Summer and Smoke
Almeida Theatre, 14th March 2018
I don’t always find it easy to get into the “Tennessee Williams zone”. My head takes a little bit of time to adjust to all that dreamy lyricism and I find it easier to stomach if there is something to cling on to, a social structure lurking in the background, the interaction of a few characters such that the usual TW human foibles are spread around a bit, a production that is not overly “directorial”.
The Almeida production of Summer and Smoke didn’t offer too much of what I look for, so I can’t say I was quite as bowled over as some of the proper critics who reckon this production was enough to set S&S, written in 1948, alongside the classic TW’s such as A Streetcar Named Desire which premiered the year before. It is very, very good though and should be seen, if you are sharp enough to snaffle some of the Rush tickets that Almeida offers up for sold-out stuff like this, or if it finds its way into the West End as it might. It is also yet another reminder, if this were needed, for all you casual theatre-goers out there. that it is always worth taking a punt on Almeida productions for fear you end up shelving out twice as much when they transfer, as so many have done under Rupert Goold’s tenure. Romola Garai has already been announced in the lead role of Ella Hickson’s new play The Writer, and you can bet your bottom dollar that they will line up another outstanding female actor to take on the challenge in Sophie Treadwell’s Expressionist classic Machinal. Invest in both I say.
In S&S Patsy Ferran has, deservedly, attracted all the plaudits for her performance as the uneasy and multiloquent Alma Winemuller, alongside the equally impressive Matthew Needham as tall, dark, handsome, and troubled, boy-next-door John Buchanan. I wasn’t entirely persuaded by My Mum’s A Twat, Ms Ferran’s last outing, but there is no denying her comic credentials. This though is her first major opportunity to showcase her “serious” acting credentials and she grabs it wth both hands. Mesmerising. Yet, if you ask me, the real star to emerge here is director Rebecca Frecknall.
Ms Frecknall has directed this very play before at the Southwark Playhouse which went down well I gather, and has already rung up a string of awards recognising her precocious talent. She clearly has a deep understanding of the text and the battle between body and soul, which lies at the heart of the play. The way she has marshalled the contributions of designer Tom Scutt, the sparse set and simple costumes backed by a ring of 9 upright pianos, the lighting of Lee Curran, the sound of Carolyn Downing and, especially, composer Angus MacRae, is what turns this into a great production, despite my minor misgivings about the play itself.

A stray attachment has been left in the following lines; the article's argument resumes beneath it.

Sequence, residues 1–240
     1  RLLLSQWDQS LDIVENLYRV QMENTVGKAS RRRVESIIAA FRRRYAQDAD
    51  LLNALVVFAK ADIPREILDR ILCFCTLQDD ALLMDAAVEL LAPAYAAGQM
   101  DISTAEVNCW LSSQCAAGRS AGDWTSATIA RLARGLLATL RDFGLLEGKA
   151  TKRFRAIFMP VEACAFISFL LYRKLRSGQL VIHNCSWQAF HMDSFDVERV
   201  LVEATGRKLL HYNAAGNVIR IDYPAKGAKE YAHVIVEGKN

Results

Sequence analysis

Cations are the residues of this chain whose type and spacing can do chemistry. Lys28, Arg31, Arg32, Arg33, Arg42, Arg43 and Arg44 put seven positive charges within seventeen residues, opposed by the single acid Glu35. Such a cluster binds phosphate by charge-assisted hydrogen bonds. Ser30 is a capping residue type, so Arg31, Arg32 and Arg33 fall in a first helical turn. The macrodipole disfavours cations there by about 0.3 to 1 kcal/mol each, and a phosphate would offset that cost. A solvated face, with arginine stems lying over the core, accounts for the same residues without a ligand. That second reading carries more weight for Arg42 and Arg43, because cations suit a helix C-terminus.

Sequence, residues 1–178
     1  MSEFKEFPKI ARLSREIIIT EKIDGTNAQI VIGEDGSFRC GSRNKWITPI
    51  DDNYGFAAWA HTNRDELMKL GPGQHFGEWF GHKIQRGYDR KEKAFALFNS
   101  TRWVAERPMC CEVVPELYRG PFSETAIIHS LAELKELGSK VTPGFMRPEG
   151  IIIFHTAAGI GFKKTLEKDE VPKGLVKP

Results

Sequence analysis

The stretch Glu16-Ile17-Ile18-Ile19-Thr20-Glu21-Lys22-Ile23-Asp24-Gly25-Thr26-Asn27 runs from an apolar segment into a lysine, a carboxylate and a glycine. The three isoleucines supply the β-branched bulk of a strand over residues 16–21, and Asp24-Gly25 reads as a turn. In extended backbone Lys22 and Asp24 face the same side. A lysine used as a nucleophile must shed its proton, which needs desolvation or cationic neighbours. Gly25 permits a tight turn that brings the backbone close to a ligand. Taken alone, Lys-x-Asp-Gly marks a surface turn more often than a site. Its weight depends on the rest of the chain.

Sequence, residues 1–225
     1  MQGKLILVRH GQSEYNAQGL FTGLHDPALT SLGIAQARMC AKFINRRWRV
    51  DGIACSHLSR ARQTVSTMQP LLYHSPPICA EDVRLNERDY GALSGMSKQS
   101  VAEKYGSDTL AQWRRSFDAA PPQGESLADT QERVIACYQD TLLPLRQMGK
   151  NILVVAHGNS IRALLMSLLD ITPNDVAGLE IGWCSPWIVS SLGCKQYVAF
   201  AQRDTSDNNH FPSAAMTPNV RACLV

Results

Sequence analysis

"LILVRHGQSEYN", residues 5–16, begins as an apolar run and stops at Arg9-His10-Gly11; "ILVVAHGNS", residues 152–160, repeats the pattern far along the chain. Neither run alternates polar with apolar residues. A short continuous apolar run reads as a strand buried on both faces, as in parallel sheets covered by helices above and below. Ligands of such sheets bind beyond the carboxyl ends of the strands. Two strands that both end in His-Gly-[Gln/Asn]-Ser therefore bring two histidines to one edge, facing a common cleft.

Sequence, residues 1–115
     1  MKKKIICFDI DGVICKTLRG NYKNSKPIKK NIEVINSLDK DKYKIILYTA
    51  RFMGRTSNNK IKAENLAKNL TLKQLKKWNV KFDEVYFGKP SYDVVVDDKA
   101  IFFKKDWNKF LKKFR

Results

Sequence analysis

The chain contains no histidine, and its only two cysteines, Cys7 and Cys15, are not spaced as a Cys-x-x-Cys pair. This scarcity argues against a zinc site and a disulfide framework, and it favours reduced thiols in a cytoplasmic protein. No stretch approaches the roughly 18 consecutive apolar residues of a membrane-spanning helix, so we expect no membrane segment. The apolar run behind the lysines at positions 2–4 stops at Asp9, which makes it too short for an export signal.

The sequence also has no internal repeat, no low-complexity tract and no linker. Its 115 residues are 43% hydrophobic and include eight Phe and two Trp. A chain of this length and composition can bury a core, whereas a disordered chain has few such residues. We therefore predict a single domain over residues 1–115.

Across two acts and thirteen scenes the play explores the ultimately unrequited relationship between the nervous, conventional pastor’s daughter Alma and the maverick John Jr, who comes home to become, like his father, the town’s doctor. It is set in the first decade or so of the C20 in the backwoods of Mississippi. A study of doomed desire, we see Alma shift from sexual repression to, eventually, abandonment, as John simultaneously grows out of his wild, drunken, early years into something approaching conformity, though his hasty marriage to Rosa, daughter of a Mexican immigrant who runs a casino, isn’t going to end well. There are a few other plot twists and turns, one decidedly dramatic if predictable, but the vast majority of the “action” centres on the will they, won’t they couple.
Of course out of this TW fashions something with limitless emotional depth and the apparent linear arc of the story dissolves into something more timeless and circular. Rebecca Frecknall seizes on this and, rightly. doesn’t let go. She has a keen eye for the best of contemporary theatre direction but offers her own, clear voice. Ms Ferran and Almeida regular Mr Needham are sympathetic to this interpretation, and importantly, to each other, and are aided by some heavyweight supporting performances from the likes of Forbes Masson (who plays both fathers – clever eh) and Nancy Crane and another remarkable turn from Anjana Vasan (who was so very good in the Young Vic’s Life of Galileo – Life of Galileo at the Young Vic review ****), as all the other young women in the story (clever again eh).
There were, I admit, a few moments where the intoxicating combination of TW’s poetry, the warm lighting and the minimalist piano score, felt a little too adagio, but, like I said in the open, this is probably more a reflection of my limited attention span that the artfulness of play and production. If you have ever fallen in love with the wrong, or indeed, the right person, and ultimately bollocksed it up, then you are going to recognise Alma and John, even if their world should seem a long way from ours. And, of course, whatever melodramatic nonsense was playing through the theatre of your mind during your great affair/s, it was going to look anaemic in comparison to the intensity of TW’s vision.
If this is what Patsy Ferran can root out of a character like Alma then heavens knows what we have to look forward to in years to come. Nora, Hedda, Martha, Queen Margaret, Lady Macbeth or a host of, I am sure, stunning parts to be written by the crop of outstanding female playwrights this country is fortunate to have right now. I really cannot wait to see what Rebecca Frecknall turns her hand and eye to next. Presumably she will have another crack at the Almeida. On this showing that nice Mr Icke has some competition.